The year 2019 is on track to be the worst year on record for data breaches, according to new numbers from cyber analytics firm Risk Based Security.
The Richmond, Va.-based firm reported that during the first quarter of the year, 1,903 publicly disclosed data compromise events occurred, exposing over 1.9 billion records. Compared to the first quarter of 2018, that represented a 56% increase in the number of reported breaches and a 29% increase in the number of exposed records. About 14% of data breaches during the first quarter of 2019 occurred in the finance and insurance sector, the report said.
“The number of data leaks – both in the form of open, unsecured services and credentials leaks — reached new levels this quarter,” Risk Based Security EVP and head of cyber risk analytics Inga Goddijn said. “Researchers are increasingly going public when they discover sizable, unprotected databases containing sensitive information and unfortunately, they aren’t terribly difficult to find when you know where to look.”
Hacking the Most Common Breach Type
Of the 1,903 data breaches that occurred during the quarter, 1,615 were due to hacking, the company said.
“A particularly popular attack method evident in recent quarters is targeting user email accounts,” it noted. “Malicious actors typically phish employees or use leaked credentials to access email services. Although pilfering sensitive data is not always the attackers’ objective, such access can trigger lengthy investigations and give rise to a string of regulatory obligations.”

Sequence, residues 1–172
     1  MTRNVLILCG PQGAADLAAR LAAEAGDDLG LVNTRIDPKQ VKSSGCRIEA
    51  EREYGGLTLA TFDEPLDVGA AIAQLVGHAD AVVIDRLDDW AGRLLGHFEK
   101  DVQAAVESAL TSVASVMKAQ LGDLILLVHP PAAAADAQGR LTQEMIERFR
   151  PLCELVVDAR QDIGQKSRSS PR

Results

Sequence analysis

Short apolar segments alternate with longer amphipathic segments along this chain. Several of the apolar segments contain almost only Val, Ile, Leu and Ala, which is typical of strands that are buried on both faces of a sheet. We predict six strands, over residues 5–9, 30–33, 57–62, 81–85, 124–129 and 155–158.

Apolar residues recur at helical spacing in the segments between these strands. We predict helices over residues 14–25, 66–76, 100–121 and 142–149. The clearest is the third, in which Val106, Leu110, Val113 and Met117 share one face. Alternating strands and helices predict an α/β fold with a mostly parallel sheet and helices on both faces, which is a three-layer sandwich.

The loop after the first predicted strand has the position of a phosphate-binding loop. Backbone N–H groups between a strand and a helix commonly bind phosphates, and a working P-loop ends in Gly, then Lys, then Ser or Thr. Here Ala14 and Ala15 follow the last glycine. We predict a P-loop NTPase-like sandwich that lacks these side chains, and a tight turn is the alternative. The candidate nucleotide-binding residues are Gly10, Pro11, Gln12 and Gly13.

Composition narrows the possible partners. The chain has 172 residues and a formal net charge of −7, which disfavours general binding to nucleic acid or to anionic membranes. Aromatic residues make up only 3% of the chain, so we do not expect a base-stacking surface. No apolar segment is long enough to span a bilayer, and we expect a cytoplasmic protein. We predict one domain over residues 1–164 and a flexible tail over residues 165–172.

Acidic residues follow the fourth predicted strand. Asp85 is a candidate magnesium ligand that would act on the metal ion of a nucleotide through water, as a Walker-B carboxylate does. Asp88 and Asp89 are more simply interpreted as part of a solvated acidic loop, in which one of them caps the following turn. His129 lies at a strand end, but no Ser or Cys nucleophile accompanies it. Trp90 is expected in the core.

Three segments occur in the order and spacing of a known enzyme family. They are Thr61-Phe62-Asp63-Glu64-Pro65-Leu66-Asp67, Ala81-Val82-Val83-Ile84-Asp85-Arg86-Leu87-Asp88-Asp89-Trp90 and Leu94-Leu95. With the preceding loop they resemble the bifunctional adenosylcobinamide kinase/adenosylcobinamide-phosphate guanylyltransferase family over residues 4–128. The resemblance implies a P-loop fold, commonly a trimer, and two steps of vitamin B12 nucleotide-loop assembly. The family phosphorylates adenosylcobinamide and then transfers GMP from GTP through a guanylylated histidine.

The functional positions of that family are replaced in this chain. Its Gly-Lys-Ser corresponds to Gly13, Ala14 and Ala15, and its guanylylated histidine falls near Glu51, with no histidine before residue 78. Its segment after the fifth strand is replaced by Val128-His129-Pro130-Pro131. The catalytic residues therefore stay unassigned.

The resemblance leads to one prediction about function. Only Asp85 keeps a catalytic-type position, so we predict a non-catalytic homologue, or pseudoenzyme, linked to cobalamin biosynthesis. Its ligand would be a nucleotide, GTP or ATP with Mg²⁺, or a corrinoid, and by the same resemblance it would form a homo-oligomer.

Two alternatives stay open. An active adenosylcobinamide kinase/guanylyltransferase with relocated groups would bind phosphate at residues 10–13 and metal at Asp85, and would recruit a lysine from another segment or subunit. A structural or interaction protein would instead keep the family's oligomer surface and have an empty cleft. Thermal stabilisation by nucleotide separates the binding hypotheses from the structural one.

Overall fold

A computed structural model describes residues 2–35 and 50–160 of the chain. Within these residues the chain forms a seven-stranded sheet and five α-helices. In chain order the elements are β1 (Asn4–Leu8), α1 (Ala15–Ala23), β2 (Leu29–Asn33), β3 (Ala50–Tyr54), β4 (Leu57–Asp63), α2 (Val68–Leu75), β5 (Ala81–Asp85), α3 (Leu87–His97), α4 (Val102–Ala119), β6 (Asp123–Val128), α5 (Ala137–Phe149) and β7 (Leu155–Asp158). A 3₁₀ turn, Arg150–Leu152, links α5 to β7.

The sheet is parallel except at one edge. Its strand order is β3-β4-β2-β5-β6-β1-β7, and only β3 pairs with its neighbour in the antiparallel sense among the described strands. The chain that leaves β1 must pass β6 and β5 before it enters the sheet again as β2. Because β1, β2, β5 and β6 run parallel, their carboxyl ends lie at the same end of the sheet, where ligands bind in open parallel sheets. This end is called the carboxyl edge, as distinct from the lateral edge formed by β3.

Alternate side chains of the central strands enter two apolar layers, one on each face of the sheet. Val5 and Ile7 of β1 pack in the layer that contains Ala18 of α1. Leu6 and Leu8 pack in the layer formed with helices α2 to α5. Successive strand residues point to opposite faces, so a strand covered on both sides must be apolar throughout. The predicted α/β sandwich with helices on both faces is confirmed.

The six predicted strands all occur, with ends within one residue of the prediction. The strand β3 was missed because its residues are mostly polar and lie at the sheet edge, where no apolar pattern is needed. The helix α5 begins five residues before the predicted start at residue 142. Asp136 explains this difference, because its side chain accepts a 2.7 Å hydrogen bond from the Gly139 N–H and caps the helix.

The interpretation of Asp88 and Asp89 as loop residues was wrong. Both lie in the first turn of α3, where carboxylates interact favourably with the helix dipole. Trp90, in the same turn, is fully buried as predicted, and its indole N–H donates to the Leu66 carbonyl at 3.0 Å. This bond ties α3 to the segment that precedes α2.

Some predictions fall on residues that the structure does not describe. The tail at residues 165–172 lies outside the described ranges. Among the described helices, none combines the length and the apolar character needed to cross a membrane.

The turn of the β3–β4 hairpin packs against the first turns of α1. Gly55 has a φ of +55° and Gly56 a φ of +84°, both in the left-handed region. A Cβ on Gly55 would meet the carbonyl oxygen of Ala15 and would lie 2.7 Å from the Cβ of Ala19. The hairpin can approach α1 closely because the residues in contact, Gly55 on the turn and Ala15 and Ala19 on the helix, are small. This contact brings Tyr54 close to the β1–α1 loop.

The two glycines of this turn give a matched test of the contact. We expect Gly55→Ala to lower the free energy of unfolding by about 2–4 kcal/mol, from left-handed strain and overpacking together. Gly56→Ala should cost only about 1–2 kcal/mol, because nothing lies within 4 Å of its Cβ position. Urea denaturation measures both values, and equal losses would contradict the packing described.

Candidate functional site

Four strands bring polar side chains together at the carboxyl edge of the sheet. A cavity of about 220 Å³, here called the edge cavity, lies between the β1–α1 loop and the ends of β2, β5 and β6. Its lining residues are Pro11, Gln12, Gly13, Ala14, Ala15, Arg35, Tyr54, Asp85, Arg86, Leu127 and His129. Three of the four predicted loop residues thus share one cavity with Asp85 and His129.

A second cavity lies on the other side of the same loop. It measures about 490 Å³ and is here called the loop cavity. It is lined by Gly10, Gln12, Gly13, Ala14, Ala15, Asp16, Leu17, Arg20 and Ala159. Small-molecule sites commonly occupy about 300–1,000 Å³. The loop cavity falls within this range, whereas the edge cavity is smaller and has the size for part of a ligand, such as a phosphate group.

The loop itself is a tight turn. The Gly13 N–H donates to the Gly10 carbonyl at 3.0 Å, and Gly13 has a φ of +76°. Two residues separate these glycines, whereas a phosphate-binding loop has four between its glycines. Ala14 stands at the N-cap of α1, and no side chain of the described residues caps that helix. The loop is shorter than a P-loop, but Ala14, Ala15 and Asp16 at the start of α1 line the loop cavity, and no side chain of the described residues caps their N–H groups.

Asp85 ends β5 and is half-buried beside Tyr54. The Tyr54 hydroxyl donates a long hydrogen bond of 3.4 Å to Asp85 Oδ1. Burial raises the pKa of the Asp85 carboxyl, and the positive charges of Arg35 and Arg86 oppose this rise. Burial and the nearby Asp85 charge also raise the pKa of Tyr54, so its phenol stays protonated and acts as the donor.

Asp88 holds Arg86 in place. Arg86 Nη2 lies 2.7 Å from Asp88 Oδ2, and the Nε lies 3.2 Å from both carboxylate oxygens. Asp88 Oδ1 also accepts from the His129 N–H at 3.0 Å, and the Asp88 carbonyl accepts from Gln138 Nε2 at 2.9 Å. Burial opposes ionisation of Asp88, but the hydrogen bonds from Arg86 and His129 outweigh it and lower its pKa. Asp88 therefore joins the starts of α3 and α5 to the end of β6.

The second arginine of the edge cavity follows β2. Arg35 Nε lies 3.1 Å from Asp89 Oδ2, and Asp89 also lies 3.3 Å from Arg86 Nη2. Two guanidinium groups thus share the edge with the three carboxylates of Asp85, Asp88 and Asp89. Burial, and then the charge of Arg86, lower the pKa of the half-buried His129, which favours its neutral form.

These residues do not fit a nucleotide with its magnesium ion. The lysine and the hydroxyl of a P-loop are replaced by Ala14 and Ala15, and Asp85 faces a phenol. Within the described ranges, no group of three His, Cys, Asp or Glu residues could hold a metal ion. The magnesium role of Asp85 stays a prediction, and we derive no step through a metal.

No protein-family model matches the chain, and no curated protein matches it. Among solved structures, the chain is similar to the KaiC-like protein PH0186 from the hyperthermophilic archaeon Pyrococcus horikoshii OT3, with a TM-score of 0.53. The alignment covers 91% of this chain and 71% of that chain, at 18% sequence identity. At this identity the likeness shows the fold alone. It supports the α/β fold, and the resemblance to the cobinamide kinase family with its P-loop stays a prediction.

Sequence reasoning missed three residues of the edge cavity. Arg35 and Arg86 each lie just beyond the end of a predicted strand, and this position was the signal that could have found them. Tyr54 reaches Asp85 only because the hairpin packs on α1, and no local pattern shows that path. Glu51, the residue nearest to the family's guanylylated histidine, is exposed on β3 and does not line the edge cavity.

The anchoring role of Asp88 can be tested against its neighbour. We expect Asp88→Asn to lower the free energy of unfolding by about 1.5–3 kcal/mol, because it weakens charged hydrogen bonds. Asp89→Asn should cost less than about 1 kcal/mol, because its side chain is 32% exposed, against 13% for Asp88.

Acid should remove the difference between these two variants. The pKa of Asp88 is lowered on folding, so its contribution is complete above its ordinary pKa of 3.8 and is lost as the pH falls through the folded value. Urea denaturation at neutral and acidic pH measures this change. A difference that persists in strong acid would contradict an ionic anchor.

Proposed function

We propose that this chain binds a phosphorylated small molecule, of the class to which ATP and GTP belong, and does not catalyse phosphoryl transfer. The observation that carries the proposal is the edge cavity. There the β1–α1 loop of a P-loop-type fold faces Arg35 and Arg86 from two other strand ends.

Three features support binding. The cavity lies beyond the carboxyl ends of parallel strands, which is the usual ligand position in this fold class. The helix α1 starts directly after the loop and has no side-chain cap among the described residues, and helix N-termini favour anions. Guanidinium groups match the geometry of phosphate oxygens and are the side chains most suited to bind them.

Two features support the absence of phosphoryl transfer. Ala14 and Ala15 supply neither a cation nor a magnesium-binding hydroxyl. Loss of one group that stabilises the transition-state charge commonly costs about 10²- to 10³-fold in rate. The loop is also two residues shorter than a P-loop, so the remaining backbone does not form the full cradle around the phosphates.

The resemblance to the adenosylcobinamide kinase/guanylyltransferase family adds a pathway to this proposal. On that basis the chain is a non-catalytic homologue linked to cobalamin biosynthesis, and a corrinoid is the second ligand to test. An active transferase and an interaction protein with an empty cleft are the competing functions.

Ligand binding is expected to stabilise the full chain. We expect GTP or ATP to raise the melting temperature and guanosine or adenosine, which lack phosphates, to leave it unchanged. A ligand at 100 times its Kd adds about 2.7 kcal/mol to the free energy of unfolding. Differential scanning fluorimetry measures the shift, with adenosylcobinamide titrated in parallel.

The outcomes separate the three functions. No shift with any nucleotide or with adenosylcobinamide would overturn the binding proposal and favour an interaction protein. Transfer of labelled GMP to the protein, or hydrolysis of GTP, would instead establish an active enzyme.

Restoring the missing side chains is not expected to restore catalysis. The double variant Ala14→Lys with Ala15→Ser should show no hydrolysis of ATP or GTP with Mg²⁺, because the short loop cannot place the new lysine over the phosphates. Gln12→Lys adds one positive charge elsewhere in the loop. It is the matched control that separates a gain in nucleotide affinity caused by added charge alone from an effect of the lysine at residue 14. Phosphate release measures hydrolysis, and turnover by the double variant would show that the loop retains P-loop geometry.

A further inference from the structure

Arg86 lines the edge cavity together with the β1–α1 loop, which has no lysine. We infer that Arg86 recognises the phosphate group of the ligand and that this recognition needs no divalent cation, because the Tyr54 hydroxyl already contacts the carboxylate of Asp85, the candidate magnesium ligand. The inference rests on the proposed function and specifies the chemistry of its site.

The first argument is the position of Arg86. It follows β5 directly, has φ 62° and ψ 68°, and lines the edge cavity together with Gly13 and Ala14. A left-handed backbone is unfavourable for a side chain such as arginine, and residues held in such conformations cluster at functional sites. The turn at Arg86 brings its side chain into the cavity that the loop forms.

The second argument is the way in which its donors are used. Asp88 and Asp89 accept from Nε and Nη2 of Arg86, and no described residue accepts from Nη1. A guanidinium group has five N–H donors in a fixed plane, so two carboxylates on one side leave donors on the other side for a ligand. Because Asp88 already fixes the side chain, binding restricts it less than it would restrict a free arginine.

Email addresses were exposed in 81% of the breaches occurring during the first quarter of 2019; passwords were also exposed in 74%, according to the data. Credit card numbers, Social Security numbers and birthdays were exposed in fewer than 10% of incidents.
California reported the most data breaches (60) for the quarter, followed by Texas (52), New York (26) and Georgia (21). Florida, Illinois, Minnesota, Ohio, Pennsylvania and Washington rounded out the top 10 states.
About 15% of breached organizations were unwilling or unable to disclose how many records were exposed, the company noted.
Breaches Creating Domino Effect
“Vendors, suppliers, and key service providers can hold or process terabytes of sensitive data on behalf of their customers. When such service providers expose data, it can trigger a cascading effect whereby one event impacts the data of multiple organizations,” the study warned.
In the first quarter of 2019, 49 of those incidents occurred, Risk Based Security said. One example was a breach at a point-of-sale solutions provider that exposed the payment card details of customers of at least 15 different companies, it noted.
Disclosure Time May Depend on Discovery Method
The study also found that organizations tended to disclose their data breaches publicly about a month faster if third parties such as law enforcement, customers or fraud-monitoring services had alerted them to the breaches.
“Clearly our hypothesis, that organizations finding their own breaches will report them faster, was dead wrong this quarter,” Goddijn said. “We will be following this metric closely throughout the year. For now, it’s too early to say whether the result we found for this quarter is an outlier or a fairly typical outcome.”